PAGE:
On the day of the killing, Sankara had just begun a meeting with members of his Cabinet when soldiers stormed in. According to the lone survivor, Halouna Traoré, Sankara declared, “It’s me they are looking for” and went outside to face his assassins, who killed him along with twelve of his associates.
The findings of the autopsy—only made public in October 2015—corroborated that Sankara had been assassinated while holding up his arms—contrary to Compaoré’s claim that Sankara had shot first.
The subsequent radio broadcast announcing Sankara’s execution referred to him as a “traitor to the revolution” and “autocratic mystic” whose “high treason” was epitomized by his “personalization of power” and “use of mysticism to try to solve the problems of the masses.”
The commandos that executed Sankara included Gilbert Diendéré, who would later be promoted to the rank of Knight of the Legion of Honor during a visit to France in May 2008 and briefly became head of state after mounting a coup in 2015.
Françafrique and the Removal of a “Troublesome Man”
During the 1960s, French President Charles de Gaulle (1959-1969) entrusted Jacques Foccart with the mission of holding West Africa under French influence even in an era of decolonization.
Nicknamed “Monsieur Afrique,” Foccart set up a network of contacts under de Gaulle and Georges Pompidou (1969-1974), which organized surveillance across the francophone African region and adopted covert actions and other “dirty tricks.”
This shadow network was termed “la Françafrique,” and was still operational when Sankara was killed. Though its records remain classified, we know that French agents were present at the time of Sankara’s assassination and had spoken about “destabilization efforts” with U.S. diplomats.
France had withdrawn its financial aid prior to the coup in an effort to bankrupt Burkina Faso’s economy and provoke fissures in the revolutionary leadership, and then destroyed wiretaps targeting Compaoré the day after the assassination.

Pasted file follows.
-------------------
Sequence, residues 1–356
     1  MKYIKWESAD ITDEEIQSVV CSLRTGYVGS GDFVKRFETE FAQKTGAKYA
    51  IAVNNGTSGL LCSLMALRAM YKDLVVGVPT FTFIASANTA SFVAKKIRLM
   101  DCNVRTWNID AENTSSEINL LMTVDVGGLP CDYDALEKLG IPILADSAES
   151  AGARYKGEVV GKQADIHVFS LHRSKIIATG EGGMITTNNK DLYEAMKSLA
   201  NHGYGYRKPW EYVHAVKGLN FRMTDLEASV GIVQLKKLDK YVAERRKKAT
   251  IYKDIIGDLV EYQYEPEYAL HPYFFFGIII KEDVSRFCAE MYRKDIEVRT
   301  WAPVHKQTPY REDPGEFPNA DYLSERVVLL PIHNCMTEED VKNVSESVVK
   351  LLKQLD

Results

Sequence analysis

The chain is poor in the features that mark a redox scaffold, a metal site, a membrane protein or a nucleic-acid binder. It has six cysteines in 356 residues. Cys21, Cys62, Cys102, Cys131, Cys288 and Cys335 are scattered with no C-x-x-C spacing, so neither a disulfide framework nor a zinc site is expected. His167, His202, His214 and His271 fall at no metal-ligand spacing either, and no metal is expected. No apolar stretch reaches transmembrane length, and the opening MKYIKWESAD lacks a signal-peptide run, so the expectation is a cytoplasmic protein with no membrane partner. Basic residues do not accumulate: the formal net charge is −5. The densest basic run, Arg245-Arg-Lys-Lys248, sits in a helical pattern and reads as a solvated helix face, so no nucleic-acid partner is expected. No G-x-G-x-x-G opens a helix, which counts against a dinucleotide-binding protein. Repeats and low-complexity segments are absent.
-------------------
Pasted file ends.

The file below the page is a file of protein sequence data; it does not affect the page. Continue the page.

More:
On the day of the coup, Chantal Compaoré was in Paris under the company of Ambassador Barry Djibrina, her husband’s link to Foccart who obviously knew something was afoot.
The French had wanted Sankara removed from the earliest days of his rule because he opposed the neo-colonial model that favored French interests in West Africa. At a reception during President François Mitterrand’s visit to Ouagadougou in 1986, Sankara lashed out at French policy in Africa, stating:
We cannot understand why bandits like Jonas Savimbi [Angolan warlord backed by the CIA], killers like Pieter Botha [Apartheid South Africa leader], have been authorized to travel to France, so beautiful and decent a country. They stained her with their hands and feet covered with blood. Those who allowed them to commit such actions will bear responsibility here and elsewhere in the world, now and forever!
These comments made Sankara a marked man. Mitterrand afterwards said, “I admire [Sankara’s] great qualities, but he is too forthright; in my opinion he goes too far,” adding “this is a somewhat troublesome man, President Sankara.”
This was exactly the view the Belgians had of another Pan-Africanist leader, Patrice Lumumba of Congo, who was assassinated soon after he publicly criticized the colonial system and suggested that the Belgians had not been benign overlords.
U.S. Seeks Regime Change Too
U.S. diplomats had a view of Sankara similar to Mitterand’s. One diplomat, John C. Baxter, was expelled from Burkina Faso for “subversive activities” that included “consorting with anti-government conspirators,” possibly while working under official cover for the CIA.